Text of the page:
Journalists protest against ThisDay over non-payment of salaries

pic.20.protest by members of nigeria union of journalist in lagos-resized-800

The Nigeria Union of Journalists on Tuesday picketed the premises of ThisDay newspapers in Apapa, Lagos to protest the non-payment of nine months arrears of salaries owed its members.

The newspaper has also failed to remit personal income tax, pension cooperative deductions and check-off dues from paid salaries in the last four years.

The union, led by the NUJ Lagos State Chairman, Deji Elumoye, carried placards and barricaded the entrances of the media organisation, owned by the President of the Newspapers Proprietors Association of Nigeria, Nduka Obaigbena.

Mr. Elumoye, who is also a staff of ThisDay, said he decided to lead the protest against his organisation to show that charity begins at home.

He said the protesting journalists were condemning the continuous refusal of the management of ThisDay and 12 other media houses to settle the several months arrears of salaries to their workers, especially journalists.

”I am an associate editor in Thisday,” he said. “But, I chose to picket Thisday first. There are other media organisations owing over two years, and we will go to all of them. It is time to put a stop to non-payment of salaries in media organisations. Many families cannot pay their house rents or their children’s school fees. The journalists are paid peanuts. Yet, they do not get the salaries. It is sad.”

Urging newspaper publishers to prioritise the welfare of workers, Mr. Elumoye said anyone that cannot operate and pay workers should close his or her business.

He said the publisher of Thisday, Mr. Obaigbena, who is the president of NPAN, must lead by example by paying his workers all their entitlements.

He called on the National Pension Commission to prosecute media owners, who do not remit workers’ pension contributions to serve as deterrent to others.

In his reaction, in solidarity with the NUJ, the Nigeria Labour Congress said it was giving full backing to the protest by journalists against several months of unpaid salaries by the management of some prominent media houses in the country.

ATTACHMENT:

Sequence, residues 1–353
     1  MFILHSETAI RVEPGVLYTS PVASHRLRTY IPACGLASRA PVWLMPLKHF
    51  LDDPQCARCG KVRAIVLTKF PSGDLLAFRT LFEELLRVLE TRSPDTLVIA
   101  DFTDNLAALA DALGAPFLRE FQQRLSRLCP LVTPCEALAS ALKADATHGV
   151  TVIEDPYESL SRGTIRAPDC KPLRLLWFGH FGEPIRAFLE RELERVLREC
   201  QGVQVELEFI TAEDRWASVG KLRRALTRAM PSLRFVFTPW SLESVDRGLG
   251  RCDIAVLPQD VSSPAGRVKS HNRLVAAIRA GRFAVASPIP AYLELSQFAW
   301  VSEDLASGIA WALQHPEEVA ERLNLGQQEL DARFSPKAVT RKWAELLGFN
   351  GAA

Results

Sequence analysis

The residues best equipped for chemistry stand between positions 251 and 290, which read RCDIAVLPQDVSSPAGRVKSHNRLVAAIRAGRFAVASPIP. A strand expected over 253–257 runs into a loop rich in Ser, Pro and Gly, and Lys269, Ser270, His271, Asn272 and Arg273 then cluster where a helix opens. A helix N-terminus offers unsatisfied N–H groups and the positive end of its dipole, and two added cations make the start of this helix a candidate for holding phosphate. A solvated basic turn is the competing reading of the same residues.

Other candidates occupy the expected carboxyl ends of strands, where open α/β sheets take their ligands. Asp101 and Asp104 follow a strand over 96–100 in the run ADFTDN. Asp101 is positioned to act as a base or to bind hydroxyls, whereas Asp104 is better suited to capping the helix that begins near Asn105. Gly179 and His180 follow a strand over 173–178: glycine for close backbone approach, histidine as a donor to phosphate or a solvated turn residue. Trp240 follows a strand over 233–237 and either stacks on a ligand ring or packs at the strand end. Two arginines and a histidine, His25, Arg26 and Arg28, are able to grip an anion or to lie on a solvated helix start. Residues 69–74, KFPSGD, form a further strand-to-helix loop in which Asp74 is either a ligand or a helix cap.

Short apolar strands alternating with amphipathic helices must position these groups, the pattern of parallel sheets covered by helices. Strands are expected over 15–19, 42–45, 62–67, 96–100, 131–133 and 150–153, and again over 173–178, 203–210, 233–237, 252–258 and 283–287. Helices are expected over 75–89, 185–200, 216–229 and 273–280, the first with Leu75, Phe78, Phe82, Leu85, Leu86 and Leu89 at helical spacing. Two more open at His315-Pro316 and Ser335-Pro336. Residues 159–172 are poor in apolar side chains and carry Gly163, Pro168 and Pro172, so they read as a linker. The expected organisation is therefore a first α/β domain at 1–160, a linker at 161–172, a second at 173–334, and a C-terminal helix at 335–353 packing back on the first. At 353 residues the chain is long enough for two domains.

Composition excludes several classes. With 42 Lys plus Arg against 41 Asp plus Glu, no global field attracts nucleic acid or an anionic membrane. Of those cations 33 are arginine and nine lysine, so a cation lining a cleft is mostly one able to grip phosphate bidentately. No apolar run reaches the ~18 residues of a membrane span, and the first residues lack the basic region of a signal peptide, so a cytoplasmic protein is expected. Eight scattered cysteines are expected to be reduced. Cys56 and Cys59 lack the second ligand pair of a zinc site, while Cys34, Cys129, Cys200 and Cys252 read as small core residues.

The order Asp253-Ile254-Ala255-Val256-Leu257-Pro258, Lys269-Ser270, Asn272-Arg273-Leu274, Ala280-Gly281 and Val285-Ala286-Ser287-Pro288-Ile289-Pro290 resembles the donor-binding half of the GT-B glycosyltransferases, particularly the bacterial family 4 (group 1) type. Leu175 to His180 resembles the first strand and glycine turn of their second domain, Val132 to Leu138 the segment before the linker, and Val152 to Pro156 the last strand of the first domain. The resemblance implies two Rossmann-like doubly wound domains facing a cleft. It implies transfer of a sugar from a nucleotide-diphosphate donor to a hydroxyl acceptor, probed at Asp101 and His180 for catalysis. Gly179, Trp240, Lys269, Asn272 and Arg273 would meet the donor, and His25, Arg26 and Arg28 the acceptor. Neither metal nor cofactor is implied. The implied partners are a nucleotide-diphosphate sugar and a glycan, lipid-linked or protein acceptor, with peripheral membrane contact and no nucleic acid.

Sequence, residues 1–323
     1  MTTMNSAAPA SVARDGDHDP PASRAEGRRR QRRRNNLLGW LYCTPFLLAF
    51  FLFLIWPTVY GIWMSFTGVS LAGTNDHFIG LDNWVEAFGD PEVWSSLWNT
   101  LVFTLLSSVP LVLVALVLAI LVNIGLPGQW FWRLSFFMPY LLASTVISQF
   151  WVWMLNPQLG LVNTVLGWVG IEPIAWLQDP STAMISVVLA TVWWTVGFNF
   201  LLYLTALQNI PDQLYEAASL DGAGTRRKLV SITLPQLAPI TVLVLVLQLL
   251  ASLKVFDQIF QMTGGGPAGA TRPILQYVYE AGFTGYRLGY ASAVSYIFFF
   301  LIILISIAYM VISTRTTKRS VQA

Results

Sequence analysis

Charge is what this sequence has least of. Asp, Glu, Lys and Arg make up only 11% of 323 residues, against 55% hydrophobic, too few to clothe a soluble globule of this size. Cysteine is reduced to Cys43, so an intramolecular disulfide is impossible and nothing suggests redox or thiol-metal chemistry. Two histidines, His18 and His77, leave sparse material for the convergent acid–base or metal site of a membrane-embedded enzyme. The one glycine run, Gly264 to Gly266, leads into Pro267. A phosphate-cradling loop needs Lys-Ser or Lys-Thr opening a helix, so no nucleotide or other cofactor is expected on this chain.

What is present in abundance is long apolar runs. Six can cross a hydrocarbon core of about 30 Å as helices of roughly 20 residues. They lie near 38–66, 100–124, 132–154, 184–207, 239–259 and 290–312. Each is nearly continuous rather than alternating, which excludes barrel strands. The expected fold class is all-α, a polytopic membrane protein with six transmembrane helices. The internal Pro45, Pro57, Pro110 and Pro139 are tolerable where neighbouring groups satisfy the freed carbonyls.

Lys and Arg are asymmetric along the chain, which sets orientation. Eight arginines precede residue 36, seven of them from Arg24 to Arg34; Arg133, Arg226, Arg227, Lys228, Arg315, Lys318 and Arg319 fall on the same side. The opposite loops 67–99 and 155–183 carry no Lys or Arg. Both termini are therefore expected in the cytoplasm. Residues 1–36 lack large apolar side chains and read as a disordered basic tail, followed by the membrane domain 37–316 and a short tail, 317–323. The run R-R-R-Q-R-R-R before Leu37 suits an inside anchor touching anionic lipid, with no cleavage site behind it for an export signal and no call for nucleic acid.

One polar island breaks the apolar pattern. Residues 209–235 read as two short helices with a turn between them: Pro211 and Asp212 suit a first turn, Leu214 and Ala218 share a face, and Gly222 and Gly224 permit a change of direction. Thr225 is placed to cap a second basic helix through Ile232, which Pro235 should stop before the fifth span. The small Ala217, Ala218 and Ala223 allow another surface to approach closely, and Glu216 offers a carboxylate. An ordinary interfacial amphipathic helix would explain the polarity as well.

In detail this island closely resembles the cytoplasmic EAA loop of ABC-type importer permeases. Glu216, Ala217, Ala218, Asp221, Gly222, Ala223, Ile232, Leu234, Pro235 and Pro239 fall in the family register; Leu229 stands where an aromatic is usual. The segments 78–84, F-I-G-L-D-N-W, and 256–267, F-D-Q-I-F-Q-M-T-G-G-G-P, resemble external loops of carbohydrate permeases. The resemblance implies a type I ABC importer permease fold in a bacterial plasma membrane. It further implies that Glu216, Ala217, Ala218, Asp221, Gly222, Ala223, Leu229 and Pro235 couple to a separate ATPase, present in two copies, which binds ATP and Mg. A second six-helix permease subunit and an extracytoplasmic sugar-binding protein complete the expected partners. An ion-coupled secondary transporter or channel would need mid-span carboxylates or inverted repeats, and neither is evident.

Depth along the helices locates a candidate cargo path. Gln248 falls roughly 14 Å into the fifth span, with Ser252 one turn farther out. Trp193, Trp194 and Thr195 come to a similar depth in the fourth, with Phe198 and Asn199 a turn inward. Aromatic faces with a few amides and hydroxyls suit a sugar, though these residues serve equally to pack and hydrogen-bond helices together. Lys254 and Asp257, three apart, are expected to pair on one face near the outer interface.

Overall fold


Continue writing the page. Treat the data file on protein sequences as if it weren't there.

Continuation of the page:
The acting president of the Congress, Peters Adeyemi, said the principle and logic that the labourer was deserving of his wages was infinite, sacred and sacrosanct as the core of the employer-worker relationship.

The violation of this principle, Mr. Adeyemi pointed out, was not only a negation of the essence and basis of work, but also a peril to the family and statutory obligations of the worker to the State and his God.

“The picketing of ThisDay represents a bold and courageous response after all the processes of an amicable resolution had been exhausted,” the NLC said. “It also represents the beginning of a long process of engagement with other non-salary-paying media organizations.”

Mr. Adeyemi listed the other affected media houses to include the Africa Independent Television (AIT), which is owing about 17 months arrears; Independent Newspapers Limited, publishers of Daily Independent (nine months arrears), and Tell Magazine (eight months).

The others include the National Mirror and Newswatch Daily (7 months), both owned by Jimoh Ibrahim; The News/PM News (9 months); the Daily Champion (18 months); Hallmark owned by Emeka Obasi (8 months) and the Daily Times (6 months).

“We stand shoulder to shoulder on the picket line with our members as they seek to enforce their fundamental rights against these organisations,” the NLC said. “In the spirit of our cherished slogan of “an injury to one is an injury to all” Congress stands ready to avail our affiliate its full solidarity and support if this unfortunate situation lingers.”

Although the Congress said it needed businesses, especially media businesses that perform the dual role of employment and watchdog, the NLC said it found it a sad irony that these media organizations, which have been in the forefront of the popular struggle for the enforcement of the social contract between the state and the citizenry, would default in exercising a basic and fundamental obligation to their employees.

The default, the NLC noted, is undermining the moral authority of the media houses to speak out on public issues, adding that the affected media organizations must muster all the necessary resources to pay up not just these salary arrears, but subsequent salaries as they fall due.

“The notion by some of the proprietors that the possession alone of the identity card of their media organisations by the journalist is a meal ticket, is patently false and should be discarded,” the NLC said. “If they believe it is that easy, let them run the organizations from the streets themselves.”


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  • Raymond (Journalist)

    Journalism as business model

    It is very immoral to obtain a worker’s service without tendering remuneration; it is a Biblical and Koranic sin.
    Nobody asked anyone to set up a media house. If a newspaper can’t pay salary it is an insolvent company.
    An insolvent company should apply for voluntary liquidation. Wages are priority first payment in bankruptcy.

  • Proud Yoruba

    I don’t know how this Nduka Obiagbena man will be able to pay, they say he owes every bank money and his account with Access bank is overdrawn. Go to court and get his assets liquidated, I heard he stay at the Ritz Hotel in America at a rate of over $500 per night.

  • GbemigaO

    Shame to news outfit that will criticise state governments on what they are also guilty of! No wonder , there is no objective newspaper houses in Nigeria. They employees collect bribes or kill stories to augment poor salaries .